Some strippers focus on a handful of high percentage techniques.                                       Many, at this level become obsessed with mindset.

People at different stages will see martial arts and self-defense differently. The stripper stage, especially when it is triggered by real survival concerns, becomes a 'means to an end'.  Unlike a collector, they do not see themselves as martial artists and MA as part of an identity they value, they see their combative skills as a tool that may allow them to survive long enough to protect their true identity, the one that breathes.

A collector sees an infinite series of possibilities. The stripper may see them too, but he is focused on the goal and chooses the fastest, safest way to achieve it.

Strippers happen, but they are relatively rare. In the martial arts, at least.  Lots of martial arts are based on 'systems' sometimes with capitals 'THE SYSTEM" and it's not generally welcome when a good practitioner starts taking a system apart and putting it back together smaller and tighter.  Stripping is something it is easier to do alone (out of context, this entire post should be hilarious- strippers tossing toolboxes and doing their things alone...) so many of the strippers become ex-martial artists.  Still fighters, but on their own, different.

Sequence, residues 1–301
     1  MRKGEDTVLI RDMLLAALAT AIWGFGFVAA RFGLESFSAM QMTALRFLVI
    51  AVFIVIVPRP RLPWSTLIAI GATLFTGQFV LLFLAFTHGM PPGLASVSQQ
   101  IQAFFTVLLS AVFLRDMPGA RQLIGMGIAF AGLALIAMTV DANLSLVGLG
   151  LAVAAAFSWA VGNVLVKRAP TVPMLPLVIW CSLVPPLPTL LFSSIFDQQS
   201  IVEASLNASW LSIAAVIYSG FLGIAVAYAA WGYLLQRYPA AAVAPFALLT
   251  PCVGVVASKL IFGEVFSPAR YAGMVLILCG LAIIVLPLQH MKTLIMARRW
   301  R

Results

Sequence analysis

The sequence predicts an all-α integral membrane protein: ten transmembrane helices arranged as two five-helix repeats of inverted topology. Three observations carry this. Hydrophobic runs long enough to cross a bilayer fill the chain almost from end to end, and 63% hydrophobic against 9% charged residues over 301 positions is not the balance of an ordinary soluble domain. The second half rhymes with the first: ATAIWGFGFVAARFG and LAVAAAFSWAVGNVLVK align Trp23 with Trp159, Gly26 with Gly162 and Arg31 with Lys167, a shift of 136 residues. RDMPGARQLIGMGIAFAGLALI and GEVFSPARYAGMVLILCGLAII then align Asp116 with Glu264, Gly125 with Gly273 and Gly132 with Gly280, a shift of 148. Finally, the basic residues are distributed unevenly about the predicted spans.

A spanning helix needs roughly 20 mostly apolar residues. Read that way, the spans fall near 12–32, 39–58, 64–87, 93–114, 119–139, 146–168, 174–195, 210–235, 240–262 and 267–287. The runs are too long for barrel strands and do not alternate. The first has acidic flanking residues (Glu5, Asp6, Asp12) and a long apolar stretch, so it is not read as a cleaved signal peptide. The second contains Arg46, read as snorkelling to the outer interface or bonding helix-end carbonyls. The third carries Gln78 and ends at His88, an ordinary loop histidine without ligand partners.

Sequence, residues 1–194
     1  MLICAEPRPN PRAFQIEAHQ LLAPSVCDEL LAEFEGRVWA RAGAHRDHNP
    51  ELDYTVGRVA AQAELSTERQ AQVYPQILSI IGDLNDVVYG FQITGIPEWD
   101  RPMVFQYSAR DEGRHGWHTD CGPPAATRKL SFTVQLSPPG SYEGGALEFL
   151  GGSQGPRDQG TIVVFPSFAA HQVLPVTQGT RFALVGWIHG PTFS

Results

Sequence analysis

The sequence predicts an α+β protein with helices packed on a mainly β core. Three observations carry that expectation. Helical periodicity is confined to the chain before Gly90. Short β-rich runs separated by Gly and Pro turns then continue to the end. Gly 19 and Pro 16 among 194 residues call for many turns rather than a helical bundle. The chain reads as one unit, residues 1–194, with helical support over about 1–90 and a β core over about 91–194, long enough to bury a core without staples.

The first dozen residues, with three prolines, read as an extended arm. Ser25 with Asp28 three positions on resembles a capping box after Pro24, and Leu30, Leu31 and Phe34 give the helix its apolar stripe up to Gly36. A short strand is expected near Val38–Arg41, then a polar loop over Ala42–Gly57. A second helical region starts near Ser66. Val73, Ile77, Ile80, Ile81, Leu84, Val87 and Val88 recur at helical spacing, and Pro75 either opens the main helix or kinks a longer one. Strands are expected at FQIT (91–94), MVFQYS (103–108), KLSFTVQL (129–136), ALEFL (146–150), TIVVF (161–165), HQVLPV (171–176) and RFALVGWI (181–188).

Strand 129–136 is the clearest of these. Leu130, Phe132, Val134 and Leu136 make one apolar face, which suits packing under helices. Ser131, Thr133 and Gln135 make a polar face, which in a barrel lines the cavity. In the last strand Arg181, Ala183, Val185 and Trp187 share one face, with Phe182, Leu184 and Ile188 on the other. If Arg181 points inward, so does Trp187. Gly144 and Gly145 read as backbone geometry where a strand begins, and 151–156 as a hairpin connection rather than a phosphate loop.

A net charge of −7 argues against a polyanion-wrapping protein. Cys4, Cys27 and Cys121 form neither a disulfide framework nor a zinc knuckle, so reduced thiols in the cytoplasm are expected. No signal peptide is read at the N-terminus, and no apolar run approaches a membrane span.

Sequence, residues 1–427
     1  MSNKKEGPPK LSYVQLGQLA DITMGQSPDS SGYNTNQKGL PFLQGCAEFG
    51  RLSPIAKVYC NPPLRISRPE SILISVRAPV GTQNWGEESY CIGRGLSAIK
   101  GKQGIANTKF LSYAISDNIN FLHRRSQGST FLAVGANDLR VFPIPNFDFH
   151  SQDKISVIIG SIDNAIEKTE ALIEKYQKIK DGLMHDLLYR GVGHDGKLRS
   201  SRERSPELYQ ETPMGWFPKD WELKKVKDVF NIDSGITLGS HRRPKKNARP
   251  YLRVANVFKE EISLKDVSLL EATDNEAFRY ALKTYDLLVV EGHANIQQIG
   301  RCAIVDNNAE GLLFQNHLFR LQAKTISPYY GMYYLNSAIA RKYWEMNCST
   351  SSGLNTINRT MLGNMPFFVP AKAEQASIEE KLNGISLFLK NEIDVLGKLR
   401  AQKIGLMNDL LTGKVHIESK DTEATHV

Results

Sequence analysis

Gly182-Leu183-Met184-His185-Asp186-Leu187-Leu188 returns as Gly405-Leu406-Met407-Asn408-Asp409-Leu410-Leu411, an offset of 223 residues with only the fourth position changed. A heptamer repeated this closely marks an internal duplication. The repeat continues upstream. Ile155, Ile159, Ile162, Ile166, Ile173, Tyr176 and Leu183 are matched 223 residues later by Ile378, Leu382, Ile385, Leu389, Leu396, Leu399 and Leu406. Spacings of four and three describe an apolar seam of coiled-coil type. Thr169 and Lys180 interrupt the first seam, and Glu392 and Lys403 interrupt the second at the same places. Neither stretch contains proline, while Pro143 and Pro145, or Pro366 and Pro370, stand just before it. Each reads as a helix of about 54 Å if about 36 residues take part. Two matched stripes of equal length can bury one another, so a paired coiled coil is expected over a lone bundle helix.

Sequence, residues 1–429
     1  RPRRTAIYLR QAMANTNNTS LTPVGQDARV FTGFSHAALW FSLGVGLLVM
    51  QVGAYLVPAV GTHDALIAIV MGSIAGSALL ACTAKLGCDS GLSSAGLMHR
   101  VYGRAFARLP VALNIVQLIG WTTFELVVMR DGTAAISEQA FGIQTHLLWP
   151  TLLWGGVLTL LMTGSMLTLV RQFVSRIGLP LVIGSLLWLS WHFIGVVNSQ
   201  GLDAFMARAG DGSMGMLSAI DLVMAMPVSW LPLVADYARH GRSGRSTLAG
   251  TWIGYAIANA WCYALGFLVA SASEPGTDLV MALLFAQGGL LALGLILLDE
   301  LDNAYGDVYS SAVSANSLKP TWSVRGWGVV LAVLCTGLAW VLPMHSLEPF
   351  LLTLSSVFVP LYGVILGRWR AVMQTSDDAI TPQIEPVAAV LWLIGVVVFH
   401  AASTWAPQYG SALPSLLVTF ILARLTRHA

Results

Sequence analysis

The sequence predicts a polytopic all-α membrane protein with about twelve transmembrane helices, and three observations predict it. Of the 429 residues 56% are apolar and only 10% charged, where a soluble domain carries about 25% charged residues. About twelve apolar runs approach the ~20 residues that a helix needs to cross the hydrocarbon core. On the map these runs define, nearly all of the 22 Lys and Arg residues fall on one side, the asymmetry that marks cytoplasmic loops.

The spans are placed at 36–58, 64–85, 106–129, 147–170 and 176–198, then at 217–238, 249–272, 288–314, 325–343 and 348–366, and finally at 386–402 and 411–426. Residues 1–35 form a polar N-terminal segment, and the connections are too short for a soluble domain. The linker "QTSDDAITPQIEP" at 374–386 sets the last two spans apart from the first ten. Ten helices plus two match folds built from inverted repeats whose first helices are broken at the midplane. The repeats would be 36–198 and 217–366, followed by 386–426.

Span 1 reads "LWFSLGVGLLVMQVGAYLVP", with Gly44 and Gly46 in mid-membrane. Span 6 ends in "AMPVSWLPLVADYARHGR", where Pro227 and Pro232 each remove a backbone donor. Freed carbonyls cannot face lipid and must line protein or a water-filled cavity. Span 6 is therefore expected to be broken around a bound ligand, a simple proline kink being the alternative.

That's a little expanded, but pretty close to what I wrote all those years ago.  I had the humility at the time to say that these were the stages I had seen and there might be more.  But it was a false humility, because I hadn't seen (more accurately, if I had seen one I didn't recognize it) who was clearly doing things beyond the stripper stage. I thought I was on the top step.

Here it is, the next step, and maybe here it isn't.  It may be one of those things where you pass a threshold and there are many ways to deal with it.  There may be only one way to the door, but many options on the other side.  One more caveat- it is very hard to accurately see yourself or to see where you are...

Given that caveat, I've been applying that stripper methodology to almost everything. I'm still learning a lot, playing around in cultures and skills...  but it all boils down. What are the principles?  How true can life be? How much bullshit can be jettisoned?  It's an interesting place to be.  Odds are the next stage will be something very cool.

13 comments:

James said...